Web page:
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History of Fashion Photography

Instructor: Cirrelia Thaxton

Cirrelia is an educator who has taught K-12 and has a doctorate in education.

Taking pictures is a way of creating art. Creative people have known this since the beginning of fashion photography. You will learn about the exciting history of fashion photography by following a timeline of noteworthy events in this movement.

The Beginning of an Era

Many may believe that the history of fashion photography began when a culture fascinated by clothing collided with the invention of the camera. The result? The first photos of individuals wearing the latest fashion emerged. But perhaps more contributed to the evolution of fashion photography. For instance, when did photographers begin to focus on the artistic beauty of fashion--the wearing and modeling of stylish beautiful clothes? By studying fashion photography's history, one can learn the photographers, magazines, designers, and models who created a cultural movement that still exists today.

A Photo of Virginia Oldoini by Adolphe Braun
VA

In the court of Napoleon Bonaparte in France in 1856, the concept of fashion photography originated when Adolphe Braun published a book that featured the photographs of Virginia Oldoini. Known as Countess di Castiglione, Oldoini was a Tuscan noblewoman who posed wearing the fashion of the day and became the first model of her time. But it was not until the 1880s that American fashion design blossomed. Magazine publishing and the retail industry grew, as the fashion business matured, spawning international exchange of ideas and ready-to-wear lines.

Early 20th Century

One photographer important in fashion photography's history was the well-known Edward Jean Steichen from Luxembourg. He popularized the practice of photographing the same model on a variety of sets. In 1911, Steichen took the job of fashion photographer for 'Art and Decoration,' a magazine. His images drew attention to his models' glamour. Moreover, he developed studio lighting by incorporating side lights on the photography sets and became known as the inventor of the modern fashion photo shoot.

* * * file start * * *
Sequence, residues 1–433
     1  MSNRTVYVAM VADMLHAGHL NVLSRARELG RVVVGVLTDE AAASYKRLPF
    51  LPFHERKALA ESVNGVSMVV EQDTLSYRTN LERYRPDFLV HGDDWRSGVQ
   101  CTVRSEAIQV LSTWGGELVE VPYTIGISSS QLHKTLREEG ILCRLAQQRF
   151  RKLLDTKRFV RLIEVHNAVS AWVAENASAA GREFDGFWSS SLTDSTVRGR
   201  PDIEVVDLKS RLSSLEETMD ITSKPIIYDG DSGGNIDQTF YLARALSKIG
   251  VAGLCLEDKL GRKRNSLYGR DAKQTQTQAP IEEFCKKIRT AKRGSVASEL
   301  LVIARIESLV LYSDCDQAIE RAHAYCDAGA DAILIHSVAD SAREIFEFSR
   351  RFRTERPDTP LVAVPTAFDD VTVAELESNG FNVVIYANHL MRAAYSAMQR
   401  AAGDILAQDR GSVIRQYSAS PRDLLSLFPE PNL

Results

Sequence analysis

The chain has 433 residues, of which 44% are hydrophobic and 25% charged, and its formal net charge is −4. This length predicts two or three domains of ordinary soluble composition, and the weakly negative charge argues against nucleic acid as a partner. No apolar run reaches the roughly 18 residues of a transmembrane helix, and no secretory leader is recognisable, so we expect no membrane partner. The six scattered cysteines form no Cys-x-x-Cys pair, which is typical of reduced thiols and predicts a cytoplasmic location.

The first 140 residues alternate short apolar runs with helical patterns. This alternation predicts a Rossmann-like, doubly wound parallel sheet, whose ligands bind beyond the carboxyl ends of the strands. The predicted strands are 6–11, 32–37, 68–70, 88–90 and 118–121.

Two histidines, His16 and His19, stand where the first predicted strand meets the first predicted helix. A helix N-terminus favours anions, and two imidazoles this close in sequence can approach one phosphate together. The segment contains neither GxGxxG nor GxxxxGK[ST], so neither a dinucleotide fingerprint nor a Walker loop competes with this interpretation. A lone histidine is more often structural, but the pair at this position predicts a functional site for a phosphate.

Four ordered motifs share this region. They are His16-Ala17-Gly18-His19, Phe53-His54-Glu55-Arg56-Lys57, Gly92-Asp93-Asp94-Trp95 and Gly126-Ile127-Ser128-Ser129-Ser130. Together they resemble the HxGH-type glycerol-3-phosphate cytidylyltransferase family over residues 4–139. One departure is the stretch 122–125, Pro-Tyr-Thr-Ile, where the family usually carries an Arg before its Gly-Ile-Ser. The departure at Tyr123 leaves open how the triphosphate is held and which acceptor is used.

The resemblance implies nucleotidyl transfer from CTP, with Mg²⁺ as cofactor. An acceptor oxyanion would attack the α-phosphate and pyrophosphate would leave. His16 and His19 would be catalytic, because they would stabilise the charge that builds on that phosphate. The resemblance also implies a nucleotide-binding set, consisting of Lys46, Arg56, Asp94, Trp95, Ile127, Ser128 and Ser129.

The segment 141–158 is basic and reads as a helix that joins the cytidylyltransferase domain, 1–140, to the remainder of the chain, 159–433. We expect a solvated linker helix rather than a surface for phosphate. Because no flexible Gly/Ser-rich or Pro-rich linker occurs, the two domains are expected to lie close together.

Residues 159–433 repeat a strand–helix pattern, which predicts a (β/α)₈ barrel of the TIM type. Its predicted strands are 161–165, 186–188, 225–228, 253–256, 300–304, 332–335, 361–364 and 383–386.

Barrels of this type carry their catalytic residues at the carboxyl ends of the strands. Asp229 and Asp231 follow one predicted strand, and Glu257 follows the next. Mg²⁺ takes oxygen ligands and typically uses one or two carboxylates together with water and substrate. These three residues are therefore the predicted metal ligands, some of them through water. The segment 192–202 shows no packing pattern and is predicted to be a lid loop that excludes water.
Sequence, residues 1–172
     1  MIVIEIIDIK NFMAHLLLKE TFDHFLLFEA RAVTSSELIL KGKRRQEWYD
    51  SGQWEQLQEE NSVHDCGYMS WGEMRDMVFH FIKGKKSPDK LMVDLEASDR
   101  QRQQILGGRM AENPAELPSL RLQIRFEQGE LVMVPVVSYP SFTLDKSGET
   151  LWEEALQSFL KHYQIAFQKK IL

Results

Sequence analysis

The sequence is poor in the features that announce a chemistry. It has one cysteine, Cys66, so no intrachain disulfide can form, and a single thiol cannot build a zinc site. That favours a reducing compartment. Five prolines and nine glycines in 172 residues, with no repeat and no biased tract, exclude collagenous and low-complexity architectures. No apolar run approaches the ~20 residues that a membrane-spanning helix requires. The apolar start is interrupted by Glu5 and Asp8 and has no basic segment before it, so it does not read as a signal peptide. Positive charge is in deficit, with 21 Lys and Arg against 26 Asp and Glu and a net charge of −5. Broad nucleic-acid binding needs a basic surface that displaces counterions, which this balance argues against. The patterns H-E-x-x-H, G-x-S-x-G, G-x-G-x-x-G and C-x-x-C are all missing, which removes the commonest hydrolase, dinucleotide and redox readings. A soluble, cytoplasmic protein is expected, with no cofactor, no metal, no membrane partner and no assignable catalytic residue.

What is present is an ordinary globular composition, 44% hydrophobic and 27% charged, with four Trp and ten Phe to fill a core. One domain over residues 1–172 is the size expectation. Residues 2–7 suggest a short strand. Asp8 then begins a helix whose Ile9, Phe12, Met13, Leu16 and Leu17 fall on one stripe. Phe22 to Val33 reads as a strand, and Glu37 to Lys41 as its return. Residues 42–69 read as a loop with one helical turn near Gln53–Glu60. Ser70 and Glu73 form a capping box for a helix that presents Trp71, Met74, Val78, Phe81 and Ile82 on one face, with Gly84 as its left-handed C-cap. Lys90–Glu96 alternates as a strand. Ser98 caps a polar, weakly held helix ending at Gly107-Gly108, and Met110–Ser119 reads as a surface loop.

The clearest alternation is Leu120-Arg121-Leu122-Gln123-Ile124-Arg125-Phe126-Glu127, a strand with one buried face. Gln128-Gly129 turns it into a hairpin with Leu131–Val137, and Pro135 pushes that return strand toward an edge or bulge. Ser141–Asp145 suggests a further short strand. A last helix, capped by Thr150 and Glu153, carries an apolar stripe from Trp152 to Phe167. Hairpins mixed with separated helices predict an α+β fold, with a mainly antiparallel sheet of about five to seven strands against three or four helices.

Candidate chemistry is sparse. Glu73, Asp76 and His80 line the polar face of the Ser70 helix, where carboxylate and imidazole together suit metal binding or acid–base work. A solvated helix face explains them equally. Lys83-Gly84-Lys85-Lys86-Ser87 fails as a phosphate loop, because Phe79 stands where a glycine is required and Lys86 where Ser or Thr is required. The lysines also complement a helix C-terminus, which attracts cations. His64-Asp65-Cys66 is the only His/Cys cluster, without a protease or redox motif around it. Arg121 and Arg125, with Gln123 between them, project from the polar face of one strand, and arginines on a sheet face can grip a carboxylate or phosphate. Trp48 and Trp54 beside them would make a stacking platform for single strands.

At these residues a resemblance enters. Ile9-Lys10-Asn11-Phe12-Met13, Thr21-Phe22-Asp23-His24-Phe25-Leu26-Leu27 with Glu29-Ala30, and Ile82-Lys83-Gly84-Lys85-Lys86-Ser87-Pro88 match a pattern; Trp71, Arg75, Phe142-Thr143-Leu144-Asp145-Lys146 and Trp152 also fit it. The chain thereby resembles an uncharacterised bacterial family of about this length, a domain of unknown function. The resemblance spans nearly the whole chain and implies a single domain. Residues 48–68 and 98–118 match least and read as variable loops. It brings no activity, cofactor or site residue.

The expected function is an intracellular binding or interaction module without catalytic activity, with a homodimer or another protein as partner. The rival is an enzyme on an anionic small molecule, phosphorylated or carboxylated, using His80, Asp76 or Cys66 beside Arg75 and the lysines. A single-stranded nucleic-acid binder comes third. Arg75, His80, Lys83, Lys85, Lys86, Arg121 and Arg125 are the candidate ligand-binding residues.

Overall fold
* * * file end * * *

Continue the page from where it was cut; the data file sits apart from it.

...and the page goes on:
Preparing a Fashion Model before a Shoot
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Due to the progress of printing processes during the early 20th century, fashion magazines such as 'Vogue' and 'Harper's Bazaar' became capable of combining fashion photos with print. Accordingly, fashion illustrators who drew clothing lines for the magazines were replaced by fashion photographers. It was during this period that photographer, Man Ray, created a style based upon the surrealistic ideals made famous by the great painter Salvador Dali. Surrealism was a cultural movement spawned in the early 1920s that contrasted the dreams of the subconscious with reality in strange imagery. By altering the lighting used in his photo shoots with models, Ray explored the individual's subconscious.

Another practitioner of early fashion photography was Baron de Meyer, who was known as the 'Debussy of the Camera.' De Meyer used unique soft backlighting and complemented each model's sensuousness with formality. Further, he experimented with Art Nouveau style by making each model reflect fantasy elements. Men's fashions were just as popular during this period; however, the male models were not photographed as often as their counterparts.

Mid-20th Century

Following World War II, fashion photographers left behind their passion for classic lines and developed photography that focused on themes of uninhibited spontaneity and glamour. Working with designers, photographers began collaborating with designers seeking to launch successful clothing lines. For instance, designer Christian Dior created a new look for his models in which the curve of the hip was accentuated with clothing that was tight at the waist and voluminous below. His 'New Look' was extremely popular in North America and abroad.

A Dior Model Posing for the Camera
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By the 1960s, fashion photographers began to focus on free-flowing women's fashion that symbolized a freer culture. Also, clothing was bolder and brighter due to exciting, contrasting patterns and colorful designs. Who can forget the photos of the English model Twiggy in her short dresses? This change from classic to trendy was an inspiration for the hippies' look. Through the 1970s, photography of women's fashions emphasized femininity and sexuality.

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